The cows we see around us today are descended from the aurochs, a type of cattle that is now extinct. It was dark brown to black brown in colour and much larger than our cows. Around 9000 years ago people in the Middle East started domesticating aurochs, as they wanted a supply of meat to hand. They quickly discovered that cows are useful for other things too. For example, they were later also used as draught animals and their milk was used to make products such as cheese and butter.
Cows became farm animals in more and more countries. Over time the cows in all these different regions took on a different appearance. A considerable variety of colours and patterns emerged. However, the purposes for which they were used also resulted in different types of cows. In the 19th century people started to talk about breeds. Animals that had the same external features were referred to as a breed.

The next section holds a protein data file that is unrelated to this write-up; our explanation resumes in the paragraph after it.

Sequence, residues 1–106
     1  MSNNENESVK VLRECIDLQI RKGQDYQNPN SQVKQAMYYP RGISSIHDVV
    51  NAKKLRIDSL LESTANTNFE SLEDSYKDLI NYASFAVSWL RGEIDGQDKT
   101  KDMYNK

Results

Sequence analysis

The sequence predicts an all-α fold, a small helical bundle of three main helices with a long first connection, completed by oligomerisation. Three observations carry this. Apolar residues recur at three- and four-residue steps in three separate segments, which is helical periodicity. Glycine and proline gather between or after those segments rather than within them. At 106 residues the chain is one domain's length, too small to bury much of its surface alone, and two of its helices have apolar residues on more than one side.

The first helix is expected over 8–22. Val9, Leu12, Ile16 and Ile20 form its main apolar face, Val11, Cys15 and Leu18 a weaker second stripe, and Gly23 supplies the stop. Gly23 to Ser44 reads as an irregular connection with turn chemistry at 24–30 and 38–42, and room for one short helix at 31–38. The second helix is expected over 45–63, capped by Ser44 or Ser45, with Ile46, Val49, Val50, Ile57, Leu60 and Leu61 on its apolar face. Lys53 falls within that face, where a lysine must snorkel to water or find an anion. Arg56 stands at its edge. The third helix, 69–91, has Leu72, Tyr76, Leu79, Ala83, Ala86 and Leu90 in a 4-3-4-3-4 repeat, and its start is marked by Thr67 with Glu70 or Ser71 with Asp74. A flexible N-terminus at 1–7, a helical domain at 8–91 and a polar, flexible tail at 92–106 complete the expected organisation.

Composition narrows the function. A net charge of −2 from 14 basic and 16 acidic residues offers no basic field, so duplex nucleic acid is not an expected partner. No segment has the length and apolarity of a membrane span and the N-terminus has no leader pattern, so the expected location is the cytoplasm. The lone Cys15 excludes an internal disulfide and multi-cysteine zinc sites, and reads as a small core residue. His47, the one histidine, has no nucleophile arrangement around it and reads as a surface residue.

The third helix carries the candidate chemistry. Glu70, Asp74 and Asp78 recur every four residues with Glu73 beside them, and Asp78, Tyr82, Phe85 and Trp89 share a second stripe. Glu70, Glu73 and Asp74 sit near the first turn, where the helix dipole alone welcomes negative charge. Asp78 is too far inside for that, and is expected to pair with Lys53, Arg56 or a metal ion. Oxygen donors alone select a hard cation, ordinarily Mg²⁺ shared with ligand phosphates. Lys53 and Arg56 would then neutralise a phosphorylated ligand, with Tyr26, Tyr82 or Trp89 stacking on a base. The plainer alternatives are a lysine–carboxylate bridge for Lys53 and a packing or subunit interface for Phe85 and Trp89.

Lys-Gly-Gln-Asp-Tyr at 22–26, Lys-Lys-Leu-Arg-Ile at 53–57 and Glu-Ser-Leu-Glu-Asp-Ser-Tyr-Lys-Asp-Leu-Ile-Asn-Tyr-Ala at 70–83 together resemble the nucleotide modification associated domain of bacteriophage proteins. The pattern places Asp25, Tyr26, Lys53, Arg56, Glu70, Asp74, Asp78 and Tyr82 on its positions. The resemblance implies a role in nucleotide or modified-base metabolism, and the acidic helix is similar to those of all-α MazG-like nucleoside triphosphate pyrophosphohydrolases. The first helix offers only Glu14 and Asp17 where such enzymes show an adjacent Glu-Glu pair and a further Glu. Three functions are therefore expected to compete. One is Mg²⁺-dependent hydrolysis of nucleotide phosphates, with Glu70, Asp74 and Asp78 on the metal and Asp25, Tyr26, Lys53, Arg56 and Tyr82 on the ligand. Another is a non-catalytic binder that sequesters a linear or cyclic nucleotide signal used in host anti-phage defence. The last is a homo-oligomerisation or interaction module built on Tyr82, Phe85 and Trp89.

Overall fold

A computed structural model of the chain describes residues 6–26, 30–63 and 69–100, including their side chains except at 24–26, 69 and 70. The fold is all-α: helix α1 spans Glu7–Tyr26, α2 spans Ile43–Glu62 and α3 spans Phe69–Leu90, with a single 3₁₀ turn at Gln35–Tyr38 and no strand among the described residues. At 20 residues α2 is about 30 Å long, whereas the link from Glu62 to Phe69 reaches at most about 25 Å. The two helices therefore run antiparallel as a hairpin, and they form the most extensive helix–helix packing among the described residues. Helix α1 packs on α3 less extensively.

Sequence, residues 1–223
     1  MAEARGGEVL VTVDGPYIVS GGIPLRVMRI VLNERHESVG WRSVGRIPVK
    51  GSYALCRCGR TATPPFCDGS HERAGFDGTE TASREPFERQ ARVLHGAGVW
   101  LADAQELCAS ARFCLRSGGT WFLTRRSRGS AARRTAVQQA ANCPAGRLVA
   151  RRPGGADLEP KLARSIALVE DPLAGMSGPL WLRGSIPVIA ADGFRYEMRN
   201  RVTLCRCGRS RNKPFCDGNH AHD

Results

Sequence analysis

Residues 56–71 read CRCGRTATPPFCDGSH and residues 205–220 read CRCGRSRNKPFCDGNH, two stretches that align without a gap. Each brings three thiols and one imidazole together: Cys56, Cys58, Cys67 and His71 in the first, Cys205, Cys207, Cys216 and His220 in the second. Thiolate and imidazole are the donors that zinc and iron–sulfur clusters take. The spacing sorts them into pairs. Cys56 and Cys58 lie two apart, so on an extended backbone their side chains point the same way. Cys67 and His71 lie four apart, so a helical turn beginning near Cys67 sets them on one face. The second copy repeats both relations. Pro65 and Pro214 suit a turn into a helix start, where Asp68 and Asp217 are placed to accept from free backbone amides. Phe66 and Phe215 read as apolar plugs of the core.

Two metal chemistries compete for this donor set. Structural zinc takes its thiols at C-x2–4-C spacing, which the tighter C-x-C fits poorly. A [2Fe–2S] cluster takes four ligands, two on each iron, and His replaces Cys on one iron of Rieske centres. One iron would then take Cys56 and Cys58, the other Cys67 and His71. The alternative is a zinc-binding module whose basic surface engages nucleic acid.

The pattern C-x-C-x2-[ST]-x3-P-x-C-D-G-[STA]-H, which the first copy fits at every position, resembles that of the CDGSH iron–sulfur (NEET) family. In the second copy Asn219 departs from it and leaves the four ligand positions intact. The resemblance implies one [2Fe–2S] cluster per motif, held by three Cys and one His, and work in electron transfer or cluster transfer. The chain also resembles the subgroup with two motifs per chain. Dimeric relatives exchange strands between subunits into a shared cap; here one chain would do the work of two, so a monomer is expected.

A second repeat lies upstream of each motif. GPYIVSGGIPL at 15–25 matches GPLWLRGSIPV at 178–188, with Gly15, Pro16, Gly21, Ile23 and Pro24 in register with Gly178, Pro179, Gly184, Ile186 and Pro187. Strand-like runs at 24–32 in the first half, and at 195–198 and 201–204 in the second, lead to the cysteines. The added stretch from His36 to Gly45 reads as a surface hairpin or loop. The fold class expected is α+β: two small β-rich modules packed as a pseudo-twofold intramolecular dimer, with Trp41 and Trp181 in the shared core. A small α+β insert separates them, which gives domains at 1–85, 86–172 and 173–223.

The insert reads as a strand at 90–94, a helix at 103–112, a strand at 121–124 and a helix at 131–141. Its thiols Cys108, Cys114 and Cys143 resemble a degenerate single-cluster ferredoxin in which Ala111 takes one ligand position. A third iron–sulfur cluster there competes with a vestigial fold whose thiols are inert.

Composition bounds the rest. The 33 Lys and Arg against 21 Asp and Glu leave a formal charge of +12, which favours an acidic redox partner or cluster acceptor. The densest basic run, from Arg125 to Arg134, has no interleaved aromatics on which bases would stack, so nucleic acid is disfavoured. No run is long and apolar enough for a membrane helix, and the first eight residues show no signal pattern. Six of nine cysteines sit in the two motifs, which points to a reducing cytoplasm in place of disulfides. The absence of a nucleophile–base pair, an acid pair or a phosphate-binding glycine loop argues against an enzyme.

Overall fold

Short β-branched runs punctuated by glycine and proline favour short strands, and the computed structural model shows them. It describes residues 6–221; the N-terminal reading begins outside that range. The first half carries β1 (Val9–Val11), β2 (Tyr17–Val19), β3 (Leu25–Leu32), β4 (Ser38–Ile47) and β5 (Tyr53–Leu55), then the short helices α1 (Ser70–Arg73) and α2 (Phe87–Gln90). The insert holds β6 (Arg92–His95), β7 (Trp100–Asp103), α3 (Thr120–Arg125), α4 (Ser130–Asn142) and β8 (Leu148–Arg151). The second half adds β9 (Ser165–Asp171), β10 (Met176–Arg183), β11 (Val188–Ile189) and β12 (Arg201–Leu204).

Animals of the following breeds and colours can be found at the Open Air Museum: Groninger blaarkop, Friesian red and white, Maas-Rijn-IJssel (MRIJ), Witrik and Baggerbont.
In summer the cows can be seen wandering around the meadow and there are often calves at the children’s activity farmyard and on the children’s meadow. During winter the cows are kept in the stall in the farmhouse from Staphorst.